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Veggie & Herb plants, soil temperatures & a little patience

Given the uncertainty we are facing at the moment, it’s a normal reaction to want plan for the future and to become more sustainable- i.e., plant & grow your own food. Also, some of us have a great deal more time at home and in our yards, and rather than sit and be idle, we may want to be productive at this time.

While we understand, and trust us, we are in the same boat, we must caution against getting some vegetable and herb plants in the ground TOO early. We do have predicted cold temperatures, (below 40 degrees) for this area, from now until April 17.

Although some of our circumstances and daily routines have been drastically altered, we need to still pay attention to Mother Nature, soil temperatures and planting herbs and vegetables at the proper time. It’s best to wait until the soil has warmed up sufficiently in order to give your garden the best chance at providing the wonderful bounty you’re hoping for.

The last thing we’d want is for you to end up with a heap of plants that didn’t survive, and money, your time and hard work down the drain.

For some extra reading- check out these links from the Farmer’s Almanac regarding when in your area it’s safe to plant or transplant your seedlings from indoors or your greenhouse, as well as the Growing Guide- when to plant and where:



These links are a wealth of knowledge which you can return to and reference again and again for planting tips, care, and recipes after harvesting.

You can go full steam ahead on the plants & herbs listed below- as they are cool season hardy

(As of April 08, 2020, we currently stock one variety of each type of herb/veggie )

Herbs – Sweet basil, chives, cilantro, lavender, Greek oregano, Italian parsley, rosemary, sage, thyme

Veggie – Broccoli, Brussels sprouts, cabbage, cauliflower, kale, lettuce

All other veggie plants & herbs  (tomatoes, cucumbers- we see you!) won’t be available until April 18 or later- we will stock what we can that’s available from our growers. These plants need a soil temperature of 65 degrees or higher to establish roots under ground and thrive, and our current soil temperatures are 50-55 degrees. We’re close- but we’re not quite there yet.

Keep an eye out here for updated soil temperatures in our area (source: Agweb)

Here’s a tentative checklist from the Farmer’s Almanac with what you can be working toward–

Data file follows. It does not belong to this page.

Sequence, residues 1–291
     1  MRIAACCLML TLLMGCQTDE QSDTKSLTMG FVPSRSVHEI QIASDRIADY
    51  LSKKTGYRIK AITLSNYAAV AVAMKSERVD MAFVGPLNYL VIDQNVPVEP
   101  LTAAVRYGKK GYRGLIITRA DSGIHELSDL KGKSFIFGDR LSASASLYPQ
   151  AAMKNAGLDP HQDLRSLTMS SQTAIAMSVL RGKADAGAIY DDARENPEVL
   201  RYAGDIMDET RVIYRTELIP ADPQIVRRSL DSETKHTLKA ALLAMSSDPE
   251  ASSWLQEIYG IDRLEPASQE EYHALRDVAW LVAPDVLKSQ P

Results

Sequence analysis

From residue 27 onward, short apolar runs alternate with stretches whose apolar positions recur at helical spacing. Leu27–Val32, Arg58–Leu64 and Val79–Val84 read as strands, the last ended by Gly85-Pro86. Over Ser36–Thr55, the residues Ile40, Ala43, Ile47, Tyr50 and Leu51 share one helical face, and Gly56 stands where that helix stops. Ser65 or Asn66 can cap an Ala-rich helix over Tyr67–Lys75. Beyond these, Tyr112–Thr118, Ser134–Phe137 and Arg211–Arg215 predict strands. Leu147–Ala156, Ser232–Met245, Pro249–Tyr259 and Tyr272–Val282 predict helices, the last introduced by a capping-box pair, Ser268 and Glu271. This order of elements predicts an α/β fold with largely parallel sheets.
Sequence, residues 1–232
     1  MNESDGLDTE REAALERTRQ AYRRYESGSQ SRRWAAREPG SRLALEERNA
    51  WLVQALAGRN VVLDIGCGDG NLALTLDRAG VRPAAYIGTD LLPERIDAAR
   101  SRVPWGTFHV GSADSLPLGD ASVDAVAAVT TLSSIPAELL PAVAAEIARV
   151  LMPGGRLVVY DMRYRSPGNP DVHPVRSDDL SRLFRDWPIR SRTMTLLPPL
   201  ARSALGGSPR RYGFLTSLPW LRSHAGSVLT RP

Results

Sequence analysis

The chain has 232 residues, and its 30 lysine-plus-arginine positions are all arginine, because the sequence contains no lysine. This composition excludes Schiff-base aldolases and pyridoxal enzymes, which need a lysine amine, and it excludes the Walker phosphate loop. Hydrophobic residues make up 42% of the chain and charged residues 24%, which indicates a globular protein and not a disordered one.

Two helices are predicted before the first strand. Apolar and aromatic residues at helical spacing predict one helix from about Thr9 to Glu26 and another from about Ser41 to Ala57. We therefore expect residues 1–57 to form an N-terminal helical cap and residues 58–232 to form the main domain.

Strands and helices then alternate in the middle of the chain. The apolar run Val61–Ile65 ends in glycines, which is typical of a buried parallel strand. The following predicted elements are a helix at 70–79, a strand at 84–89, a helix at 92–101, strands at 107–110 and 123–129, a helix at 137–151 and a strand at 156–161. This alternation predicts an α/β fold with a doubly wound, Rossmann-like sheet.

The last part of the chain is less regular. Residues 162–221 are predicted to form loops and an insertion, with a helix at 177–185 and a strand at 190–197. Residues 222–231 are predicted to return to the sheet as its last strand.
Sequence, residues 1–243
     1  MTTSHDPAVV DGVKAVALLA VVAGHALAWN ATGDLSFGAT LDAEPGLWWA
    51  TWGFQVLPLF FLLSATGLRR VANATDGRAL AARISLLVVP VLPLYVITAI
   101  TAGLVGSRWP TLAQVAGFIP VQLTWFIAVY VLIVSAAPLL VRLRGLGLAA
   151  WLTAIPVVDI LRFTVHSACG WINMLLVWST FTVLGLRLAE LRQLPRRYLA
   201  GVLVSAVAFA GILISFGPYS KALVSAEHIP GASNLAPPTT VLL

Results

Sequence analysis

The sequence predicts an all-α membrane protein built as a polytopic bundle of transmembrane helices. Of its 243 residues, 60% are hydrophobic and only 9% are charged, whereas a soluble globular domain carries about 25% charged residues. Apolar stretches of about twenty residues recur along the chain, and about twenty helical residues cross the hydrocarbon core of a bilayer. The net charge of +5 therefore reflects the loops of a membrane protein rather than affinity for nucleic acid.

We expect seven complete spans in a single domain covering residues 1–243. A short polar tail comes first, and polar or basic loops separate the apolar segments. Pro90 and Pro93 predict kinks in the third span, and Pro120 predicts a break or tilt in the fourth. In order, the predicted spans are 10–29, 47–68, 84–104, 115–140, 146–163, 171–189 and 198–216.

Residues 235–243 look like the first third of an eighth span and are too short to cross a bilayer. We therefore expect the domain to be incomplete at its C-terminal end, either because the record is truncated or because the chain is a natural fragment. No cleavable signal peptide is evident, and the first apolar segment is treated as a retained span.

If transplanting your seedlings you started indoors:

During the transplants’ last week indoors, withhold fertilizer and water less often to condition them to life outdoors.

Before being planted into the garden, transplants should be hardened off outdoors in a sheltered area: 

7 to 10 days before transplanting, set the seedlings outdoors in dappled shade that is protected from wind for a few hours each day, gradually increasing their exposure to full sun and windy conditions. This will get them better accustomed to the outdoors.

Keep the soil moist at all times during the hardening-off period. Dry air and spring breezes can result in rapid water loss.

Anything that raises the temperature of the soil will help plants adjust to the shock of the cold ground. Try using raised planting beds and plastic mulch to boost soil temperature before planting.

Your garden soil may have become compacted over winter, so loosen and aerate the soil before planting. Add fresh soil if necessary; it should capture and retain moisture, drain well, and allow easy penetration by seedling roots. Read more about preparing soil for planting.


If possible, transplant on an overcast day and in the early morning. This gives the plants a chance to settle into the soil without being instantly exposed to the intense midday sun.

Soak the soil around new seedlings immediately after transplanting.

If the season is particularly dry, spread mulch to reduce moisture loss.

To ensure that phosphorus—which promotes strong root development—is available in the root zone of new transplants, mix two tablespoons of a 15-30-15 starter fertilizer into a gallon of water (one tablespoon for vining crops such as melons and cucumbers), and give each seedling a cup of the solution a few days after transplanting.

Cloches, cold frames, or sheets can be used to protect plants. Be sure to remove protective coverings in the morning. 

Please check back with our website, Facebook and Instagram often for the most recent and up to date information, partial inventory lists, and our current business practices, suggestions and inspiration during these times. We will continue to help you in making your yard the oasis you want for as long as we’re able!

Now, more than ever, we’ll be leaning on the internet- using our website and social media accounts to keep you informed, connected and inspired. Please feel free to reach out to us on the Contact Us page, or email mearstucker@burgerfarms.com for ideas of what you’d like to see from us.

Happy Planting!